• Support. The benefits of being able to watch for frequent vandals far outweigh any supposed danger of facilitating Wikistalking, and if we really want to prevent users from abusing this feature, why not give it only to autoconfirmed users in good standing? ZZArch talk to me 22:46, 31 January 2012 (UTC)

New Features[edit]

Publicize featured content feeds?[edit]

Hi guys and gals. As you may know, we've launched an extension that creates featured content feeds. Currently, feeds of FAs, selected anniversaries and POTD are available here on en:. The question is how to make them visible to users, as now they're only added to page <head> and are invisible in most browsers. We could add the links to page structure, e.g. to the line Archive – By email – More featured articles..., or sysadmins can enable links on the sidebar (Main Page only) like on our staging wiki. What do you think is appropriate? Max Semenik (talk) 09:37, 27 January 2012 (UTC)

Eh, I really don't see the point of the feeds at all, all three things in the feed change once daily, at a designated time, and allow people to view previous editions easily. I'd oppose building a link to the feeds into the sidebar, as you can reach the same content by clicking "Main page", and it would clutter up the sidebar. Sven Manguard Wha? 22:49, 30 January 2012 (UTC)

page full of images[edit]

Would like there to be a page that has lots of images of the same thing on it, eg: for an owl covered in images of owls, or different for different objects Trellis Reserve (talk) 14:03, 27 January 2012 (UTC)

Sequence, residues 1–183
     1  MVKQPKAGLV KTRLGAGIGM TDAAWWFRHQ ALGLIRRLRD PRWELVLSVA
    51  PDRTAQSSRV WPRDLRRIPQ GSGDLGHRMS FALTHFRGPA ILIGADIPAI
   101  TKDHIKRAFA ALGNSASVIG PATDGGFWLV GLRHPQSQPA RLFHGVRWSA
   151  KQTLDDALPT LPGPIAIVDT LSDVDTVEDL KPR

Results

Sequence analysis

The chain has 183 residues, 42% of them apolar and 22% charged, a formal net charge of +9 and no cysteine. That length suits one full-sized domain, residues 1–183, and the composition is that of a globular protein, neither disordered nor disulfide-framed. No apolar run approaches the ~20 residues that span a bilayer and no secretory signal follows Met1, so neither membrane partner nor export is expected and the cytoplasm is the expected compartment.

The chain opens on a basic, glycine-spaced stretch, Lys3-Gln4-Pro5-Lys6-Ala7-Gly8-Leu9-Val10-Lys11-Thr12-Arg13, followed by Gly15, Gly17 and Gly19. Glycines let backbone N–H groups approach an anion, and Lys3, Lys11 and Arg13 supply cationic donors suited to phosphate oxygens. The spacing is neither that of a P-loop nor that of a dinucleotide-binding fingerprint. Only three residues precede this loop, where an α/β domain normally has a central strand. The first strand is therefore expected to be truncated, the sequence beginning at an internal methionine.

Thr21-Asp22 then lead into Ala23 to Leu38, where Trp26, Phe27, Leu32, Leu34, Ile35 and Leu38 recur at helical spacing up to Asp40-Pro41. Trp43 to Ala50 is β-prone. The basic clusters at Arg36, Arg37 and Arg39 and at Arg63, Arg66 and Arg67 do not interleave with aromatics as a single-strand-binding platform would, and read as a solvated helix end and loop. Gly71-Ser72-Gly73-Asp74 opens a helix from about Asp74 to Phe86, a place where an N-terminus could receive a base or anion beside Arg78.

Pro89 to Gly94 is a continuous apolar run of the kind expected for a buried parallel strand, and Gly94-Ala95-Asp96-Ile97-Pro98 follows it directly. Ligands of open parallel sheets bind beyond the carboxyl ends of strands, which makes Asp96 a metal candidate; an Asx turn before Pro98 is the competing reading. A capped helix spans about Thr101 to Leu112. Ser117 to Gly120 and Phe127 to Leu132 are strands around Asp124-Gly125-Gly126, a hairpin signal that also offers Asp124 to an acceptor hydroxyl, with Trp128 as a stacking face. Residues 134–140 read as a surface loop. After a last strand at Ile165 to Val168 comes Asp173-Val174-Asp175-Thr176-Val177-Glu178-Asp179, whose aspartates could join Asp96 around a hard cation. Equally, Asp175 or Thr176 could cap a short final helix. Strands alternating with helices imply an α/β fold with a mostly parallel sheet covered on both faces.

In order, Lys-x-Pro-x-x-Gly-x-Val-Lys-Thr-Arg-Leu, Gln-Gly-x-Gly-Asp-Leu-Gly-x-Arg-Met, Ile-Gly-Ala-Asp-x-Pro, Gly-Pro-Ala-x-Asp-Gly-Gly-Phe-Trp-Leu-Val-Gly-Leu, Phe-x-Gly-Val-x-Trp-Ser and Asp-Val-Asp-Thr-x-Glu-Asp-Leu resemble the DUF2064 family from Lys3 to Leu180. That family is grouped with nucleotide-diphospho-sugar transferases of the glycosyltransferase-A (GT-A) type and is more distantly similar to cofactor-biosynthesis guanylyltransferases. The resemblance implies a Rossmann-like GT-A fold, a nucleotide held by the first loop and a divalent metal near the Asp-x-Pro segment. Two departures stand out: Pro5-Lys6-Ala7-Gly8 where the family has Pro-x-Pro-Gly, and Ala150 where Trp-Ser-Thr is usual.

Is this a proposal for gallery-pages? That exists on Commons. Choyoołʼįįhí:Seb az86556 > haneʼ 14:10, 27 January 2012 (UTC)

Indefinite semi-protection of Talk:Main Page[edit]

The talk page of the Main Page is receiving wayyy too many test edits, and few comments. If we really are that concerned about errors on the main page, we can create a subpage for that. So, let's semi-protect the talk page indefinitely. Jasper Deng (talk) 05:43, 28 January 2012 (UTC)

Oppose There are also lots of good edits from IPs that have appropriate questions and comments. Baby and bathwater issue. This page is watched by enough people who can quickly revert problems. --Jayron32 06:44, 28 January 2012 (UTC)
I think the same went for the main page itself, but I wasn't on when that happened. Jasper Deng (talk) 06:45, 28 January 2012 (UTC)

Alternate proposal: Edit filter for confirmation edits[edit]

Alternatively, we could make an edit filter for this, that would ask for confirmation of what may be test edits. Jasper Deng (talk) 06:47, 28 January 2012 (UTC)

  • Support, as simple, and getting all the AGF tests out. Proposed code:
!"autoconfirmed" in user_groups
& article_prefixedtext Talk:Main Page

~~Ebe123~~ → report on my contribs. 01:25, 29 January 2012 (UTC)

  • Support The talk page is being used differently. However, the filter should also mention and link to the Sandbox, where actual tests should be done. Narutolovehinata5 tccsdnew 07:48, 29 January 2012 (UTC)
  • Please close the filter proposal since it doesn't have any chances to be implemented at Wikipedia:Edit filter/Requested. Plus, the page already has a huge edit notice; would you want Edit Filter just to show the same warning message one more time? — AlexSm 19:26, 30 January 2012 (UTC)
    • How do you know? This edit filter proposal already has a couple of support !votes, so I wouldn't say that this proposal has no chance of succeeding. And besides, the exisitng edit notice does not blatantly say "this page is not for general discussion about just anything" or similar to ward off people from posting off-topic stuff or test edits.
      —{|Retro00064|☎talk|✍contribs|} 23:05, 30 January 2012 (UTC).
  • Support: Something should be done to make it clear to people that Talk:Main Page is only for discussion pertaining to the Main Page and not for general discussion about just anything. An edit filter that shows a message dialog might just be a way of doing so. —{|Retro00064|☎talk|✍contribs|} 23:05, 30 January 2012 (UTC).

Wikipedia:Templates for discussion/Log/2012 January 30#Template:Persondata[edit]

Your comments are welcome at Wikipedia:Templates for discussion/Log/2012 January 30#Template:Persondata. Fram (talk) 10:18, 30 January 2012 (UTC)